DENSITY AND SIZE STRUCTURE OF LIONFISH PTEROIS VOLITANS (SCORPAENIDAE) IN THE INSULAR WESTERN COLOMBIAN CARIBBEAN
The problems produced by invading species have been recognized in the last years, considering the situation the second cause of biodiversity lost, after habitat degradation. The lion fish (Pterois volitans), a species native to the Western Pacific, was first detected in southern Florida in 1985. Since 2000 the species began dispersing, extending first to the east coast of the United States, Bermuda, and Bahamas, and, after 2007, it has expanded to the Caribbean, appearing in Colombian oceanic and continental localities in 2008 and 2009, respectively. San Andrés natural conditions ease deeper understanding of several aspects of the invasion and constitutes a natural experiment to study the process and behavior of the colonization. Estimations of its abundance, density and size structure in the island environment of the Colombian Caribbean should allow making valid approximations to mitigating strategies. 1200 m2 distributed in three stations (Bajo Bonito, Villa Erika, and West Point) were studied in the island. A density of 379.03 ind/ha (± 220) and a total population of 109.6826 x 104 individuals with a mean size of 29.03 (± 2.47) cm were found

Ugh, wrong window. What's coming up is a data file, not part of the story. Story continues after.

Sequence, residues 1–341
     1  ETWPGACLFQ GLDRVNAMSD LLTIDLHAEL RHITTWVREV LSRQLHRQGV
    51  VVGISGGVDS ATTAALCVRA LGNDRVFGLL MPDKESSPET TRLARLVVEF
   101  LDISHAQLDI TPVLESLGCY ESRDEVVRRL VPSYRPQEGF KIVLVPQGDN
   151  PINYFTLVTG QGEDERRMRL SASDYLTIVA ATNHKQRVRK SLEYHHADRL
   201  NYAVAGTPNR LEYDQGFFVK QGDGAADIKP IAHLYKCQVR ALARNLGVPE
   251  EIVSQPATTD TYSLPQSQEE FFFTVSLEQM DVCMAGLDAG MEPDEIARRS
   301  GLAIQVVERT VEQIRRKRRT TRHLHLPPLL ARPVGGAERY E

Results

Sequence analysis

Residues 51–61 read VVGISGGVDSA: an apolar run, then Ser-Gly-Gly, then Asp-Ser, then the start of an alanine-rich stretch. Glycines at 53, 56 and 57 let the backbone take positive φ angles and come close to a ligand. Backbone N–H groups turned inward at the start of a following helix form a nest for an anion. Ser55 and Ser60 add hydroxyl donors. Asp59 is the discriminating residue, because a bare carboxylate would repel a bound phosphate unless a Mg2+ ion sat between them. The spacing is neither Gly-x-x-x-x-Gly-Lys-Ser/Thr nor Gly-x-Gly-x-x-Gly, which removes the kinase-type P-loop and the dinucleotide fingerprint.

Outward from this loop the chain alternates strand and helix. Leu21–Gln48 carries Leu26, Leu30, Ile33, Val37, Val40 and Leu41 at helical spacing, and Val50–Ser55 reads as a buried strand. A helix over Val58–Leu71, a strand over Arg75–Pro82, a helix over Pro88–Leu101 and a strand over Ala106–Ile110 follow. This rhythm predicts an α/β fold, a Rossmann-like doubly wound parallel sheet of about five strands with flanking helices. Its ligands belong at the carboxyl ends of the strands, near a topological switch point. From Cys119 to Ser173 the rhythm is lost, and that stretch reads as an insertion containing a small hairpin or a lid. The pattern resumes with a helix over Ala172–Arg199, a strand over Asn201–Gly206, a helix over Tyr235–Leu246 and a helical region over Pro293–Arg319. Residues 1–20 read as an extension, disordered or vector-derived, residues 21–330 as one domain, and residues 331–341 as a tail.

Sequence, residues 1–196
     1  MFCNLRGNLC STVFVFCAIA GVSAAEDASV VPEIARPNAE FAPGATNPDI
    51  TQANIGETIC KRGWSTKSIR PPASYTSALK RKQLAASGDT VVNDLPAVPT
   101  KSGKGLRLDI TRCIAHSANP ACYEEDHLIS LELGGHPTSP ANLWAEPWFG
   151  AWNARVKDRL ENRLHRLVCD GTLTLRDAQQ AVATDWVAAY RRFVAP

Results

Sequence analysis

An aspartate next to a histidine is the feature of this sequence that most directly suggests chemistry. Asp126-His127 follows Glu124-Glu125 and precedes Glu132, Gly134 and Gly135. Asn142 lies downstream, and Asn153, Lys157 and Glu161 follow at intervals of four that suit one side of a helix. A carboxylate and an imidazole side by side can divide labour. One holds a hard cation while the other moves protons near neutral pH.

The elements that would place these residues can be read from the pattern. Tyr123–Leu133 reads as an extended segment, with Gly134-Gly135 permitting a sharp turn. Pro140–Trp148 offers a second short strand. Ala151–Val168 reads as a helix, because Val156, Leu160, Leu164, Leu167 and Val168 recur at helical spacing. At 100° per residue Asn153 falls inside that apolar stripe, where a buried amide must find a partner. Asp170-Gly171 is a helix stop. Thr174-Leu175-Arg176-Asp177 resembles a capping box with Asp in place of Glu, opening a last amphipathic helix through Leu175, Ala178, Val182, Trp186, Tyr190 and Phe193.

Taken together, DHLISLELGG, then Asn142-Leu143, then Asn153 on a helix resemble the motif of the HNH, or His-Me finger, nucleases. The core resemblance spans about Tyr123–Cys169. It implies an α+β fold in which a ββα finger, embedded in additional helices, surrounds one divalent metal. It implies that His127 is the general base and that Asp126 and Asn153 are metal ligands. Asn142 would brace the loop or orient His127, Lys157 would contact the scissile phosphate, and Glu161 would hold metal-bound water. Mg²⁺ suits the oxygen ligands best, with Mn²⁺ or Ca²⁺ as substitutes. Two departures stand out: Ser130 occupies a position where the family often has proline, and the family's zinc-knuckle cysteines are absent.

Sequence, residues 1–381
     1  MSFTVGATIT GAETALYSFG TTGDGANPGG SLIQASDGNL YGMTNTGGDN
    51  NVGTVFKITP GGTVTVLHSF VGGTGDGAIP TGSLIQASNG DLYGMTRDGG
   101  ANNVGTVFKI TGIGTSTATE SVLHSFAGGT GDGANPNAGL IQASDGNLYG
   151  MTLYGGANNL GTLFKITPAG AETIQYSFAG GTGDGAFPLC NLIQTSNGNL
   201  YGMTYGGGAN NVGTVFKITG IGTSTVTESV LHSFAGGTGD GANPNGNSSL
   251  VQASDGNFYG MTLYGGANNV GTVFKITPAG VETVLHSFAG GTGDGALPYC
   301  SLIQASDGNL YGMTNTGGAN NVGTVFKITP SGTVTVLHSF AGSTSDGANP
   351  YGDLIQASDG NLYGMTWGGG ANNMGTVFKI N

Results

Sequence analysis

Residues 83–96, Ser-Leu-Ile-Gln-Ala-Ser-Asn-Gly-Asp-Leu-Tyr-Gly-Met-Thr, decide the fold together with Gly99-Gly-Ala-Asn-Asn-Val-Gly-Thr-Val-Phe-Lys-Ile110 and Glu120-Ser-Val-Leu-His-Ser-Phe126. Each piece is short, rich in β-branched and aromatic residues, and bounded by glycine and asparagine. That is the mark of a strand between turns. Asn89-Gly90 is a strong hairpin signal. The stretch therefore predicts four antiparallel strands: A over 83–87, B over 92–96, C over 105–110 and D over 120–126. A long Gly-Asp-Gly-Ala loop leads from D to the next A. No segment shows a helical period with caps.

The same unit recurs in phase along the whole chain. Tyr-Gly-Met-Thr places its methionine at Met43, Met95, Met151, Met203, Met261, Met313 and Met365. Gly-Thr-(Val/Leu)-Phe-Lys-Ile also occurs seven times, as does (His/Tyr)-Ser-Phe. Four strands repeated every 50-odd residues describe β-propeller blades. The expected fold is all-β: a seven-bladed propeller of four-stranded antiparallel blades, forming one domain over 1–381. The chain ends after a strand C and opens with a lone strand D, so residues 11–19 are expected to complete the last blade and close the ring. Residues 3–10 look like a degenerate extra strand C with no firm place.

Invading species; Size structure; Coral reefs; San Andrés; Seaflower Biosphere Reserve
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